Everything You Need to Know About The Upper East Side’s Multifamily Dominance
The Upper East Side has come a long way from being the “Silk Stocking District,” now standing as one of the most affluent neighborhoods in all of NYC. Located between Central Park, 59th Street, the East River and 96th Street, UES not only features impressive, historic multifamily properties, but has continued to dominate as a multifamily hotspot for decades.
Despite missing many of the modern amenities we see as required—such as elevators—UES’s vintage structures continue to draw millions in deals and potential tenants every year. But why? To get some insight into UES’s long-standing fortunes, we spoke with Besen & Associates investment sales brokers Shallini Mehra, Dan Shapiro and Chief Marketing Officer Ron Cohen.
The UES Appeal
Shallini is quick to remind us that UES's massive multifamily market isn’t exactly a new trend, pointing out the neighborhood has been, and remains, a “tried and true” submarket that will always be of interest to multifamily investors, due to its abundance of “vintage” building stock, desirable location, low vacancies, continued rent growth and neighborhood feel.
“UES has retained a certain aspect of character with tree-lined streets and mom-and-pop retail along Second and First avenues that creates a lot of ease and convenience for local residents,” she tells Bisnow. “And with access to Central Park for young families, it’s a neighborhood whose appeal never goes out of fashion.”
Shallini, along with colleagues Amit Doshi and Ishan Chhabra, is working on the sale of two contiguous mixed-use buildings at 1762-1764 First Ave (right).
“For a multifamily investor, this deal checks off a lot of boxes,” she said. “Desirable UES avenue location, diverse income streams from both residential and commercial tenants, mostly free market rents, and growth potential. All of this is important because we’re finding there’s a shift in demand towards more free market tenancy in light of an increasingly challenging regulatory environment vis-à-vis rent stabilization.”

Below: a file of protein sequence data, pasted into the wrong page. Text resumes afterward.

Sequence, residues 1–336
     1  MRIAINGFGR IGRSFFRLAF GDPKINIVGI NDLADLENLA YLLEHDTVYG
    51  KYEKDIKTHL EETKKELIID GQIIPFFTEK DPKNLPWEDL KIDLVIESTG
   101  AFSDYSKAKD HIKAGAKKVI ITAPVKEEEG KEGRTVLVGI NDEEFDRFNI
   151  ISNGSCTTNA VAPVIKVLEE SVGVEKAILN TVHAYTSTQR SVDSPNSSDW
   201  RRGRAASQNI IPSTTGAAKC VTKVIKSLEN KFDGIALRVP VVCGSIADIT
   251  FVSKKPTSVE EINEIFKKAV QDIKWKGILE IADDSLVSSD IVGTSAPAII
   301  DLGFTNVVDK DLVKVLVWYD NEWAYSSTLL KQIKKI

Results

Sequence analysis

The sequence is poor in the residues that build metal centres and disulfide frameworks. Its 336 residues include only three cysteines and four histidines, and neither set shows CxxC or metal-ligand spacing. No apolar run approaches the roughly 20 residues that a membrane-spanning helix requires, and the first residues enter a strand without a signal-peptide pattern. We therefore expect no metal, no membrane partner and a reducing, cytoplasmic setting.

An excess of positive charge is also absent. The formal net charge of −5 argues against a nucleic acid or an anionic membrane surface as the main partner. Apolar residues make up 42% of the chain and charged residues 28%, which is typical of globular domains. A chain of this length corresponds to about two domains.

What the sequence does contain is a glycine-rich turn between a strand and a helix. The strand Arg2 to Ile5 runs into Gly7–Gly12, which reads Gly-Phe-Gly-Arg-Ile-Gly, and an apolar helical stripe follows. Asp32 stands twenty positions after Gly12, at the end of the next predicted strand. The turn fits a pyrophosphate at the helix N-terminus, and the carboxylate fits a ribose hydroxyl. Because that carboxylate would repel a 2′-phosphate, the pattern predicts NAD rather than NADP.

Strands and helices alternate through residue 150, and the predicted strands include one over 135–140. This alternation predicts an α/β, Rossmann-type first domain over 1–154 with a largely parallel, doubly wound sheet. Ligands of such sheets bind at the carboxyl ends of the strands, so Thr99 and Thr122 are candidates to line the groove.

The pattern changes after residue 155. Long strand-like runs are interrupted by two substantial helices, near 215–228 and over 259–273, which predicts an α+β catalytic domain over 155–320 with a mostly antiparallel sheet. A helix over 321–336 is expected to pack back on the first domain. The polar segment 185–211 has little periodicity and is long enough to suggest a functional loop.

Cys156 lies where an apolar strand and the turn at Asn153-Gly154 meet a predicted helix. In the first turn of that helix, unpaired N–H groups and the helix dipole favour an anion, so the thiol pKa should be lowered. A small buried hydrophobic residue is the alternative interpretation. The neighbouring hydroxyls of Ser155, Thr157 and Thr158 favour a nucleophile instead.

In addition, not only is the UES host to some of the world’s most famous museums—such as the Guggenheim (top left) and the Frick Collection (bottom left)—but it’s also home to top-tier hospitals, shopping and public and private schools, attracting families who plant their roots and stay long term. There are also connections to the 4 subway line and 16 MTA bus routes. And with the addition of the Second Avenue subway, Shallini says UES will gain “a significant transportation bonus, which will further attract residents to the UES for the long term.”
It also helps that the rents on the Upper East are more affordable than other "hot" neighborhoods including the West Village, Flatiron and Chelsea.
Vintage, Not Old
UES’s timeworn multifamily properties—some of which date back to the turn of the century—are more of a concern for investors, Dan says. He admits that older buildings do present a pricing issue when you consider the cost of potential improvements.